This paper was presented at the
National Seminar on
Indian Psychology: Theories and Models
December 26 - 28, 2007
Relationship between life satisfaction, grit, happiness and sukha: An exploration into similarity between concepts in Positive psychology and Indian thought
Kamlesh Singh & Shalini Duggal IIT Delhi, Delhi
The concepts of Enduring level of Happiness and Life Satisfaction as given in Positive Psychology appear to have a close relationship with the Buddhist notion of Sukha. Enduring Happiness described by Positive Psychology is contrasted with momentary bursts of positive feelings (Seligman, 2002). It refers to a more general level of happiness and for the purpose of this study was assessed using the General Happiness Scale. (Lyubomirsky & Lepper, 1999). The notion of Sukha also appears to have a close relationship with the concept of Life Satisfaction as measured by the Satisfaction with Life Scale (SWLS; Diener, Emmons, Larsen, & Griffin, 1985). The SWLS measures one’s evaluation of satisfaction with life in general. According to Ekman, Davidson, Ricard, Wallace, (2005), Sukha, described in Buddhist tradition refers to “an enduring trait that arises from a mind in a state of equilibrium and entails a conceptually unstructured and unfiltered awareness of the true nature of reality. Buddhists believe that the radical transformation of consciousness necessary to realize Sukha can occur by sustained training in attention, emotional balance, and mindfulness, so that one can learn to distinguish between the way things are as they appear to the senses and the conceptual superimpositions one projects upon them”. Thus, the path to the attainment to Sukha as stated above seems to be through perseverance. In this respect, there seems to be a correlation between Grit, which refers to the character strength of perseverance described in Positive Psychology. The concepts of Grit, Happiness and Life Satisfaction are significantly positively correlated was found through using sample of 254 undergraduate students of Technology.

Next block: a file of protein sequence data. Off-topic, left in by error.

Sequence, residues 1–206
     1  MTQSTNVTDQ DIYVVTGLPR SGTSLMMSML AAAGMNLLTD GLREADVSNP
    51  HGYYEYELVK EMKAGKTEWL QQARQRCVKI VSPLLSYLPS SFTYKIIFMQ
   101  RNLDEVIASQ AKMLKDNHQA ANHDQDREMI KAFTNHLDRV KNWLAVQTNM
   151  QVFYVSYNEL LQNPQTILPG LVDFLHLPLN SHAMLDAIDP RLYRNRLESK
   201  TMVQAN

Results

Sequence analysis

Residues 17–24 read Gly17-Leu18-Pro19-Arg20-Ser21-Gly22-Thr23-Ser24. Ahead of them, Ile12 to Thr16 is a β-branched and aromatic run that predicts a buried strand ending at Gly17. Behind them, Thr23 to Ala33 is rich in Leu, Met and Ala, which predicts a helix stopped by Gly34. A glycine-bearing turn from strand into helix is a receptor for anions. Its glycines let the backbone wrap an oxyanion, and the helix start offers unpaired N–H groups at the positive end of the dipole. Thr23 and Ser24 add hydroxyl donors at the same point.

This study helps us draw some important inferences regarding the underlying similarity of concepts in Positive Psychology and Indian thought as elucidated here through references to Buddhist Literature.
Email the author, Ms. Shalini Duggal Jha, at firstname.lastname@example.org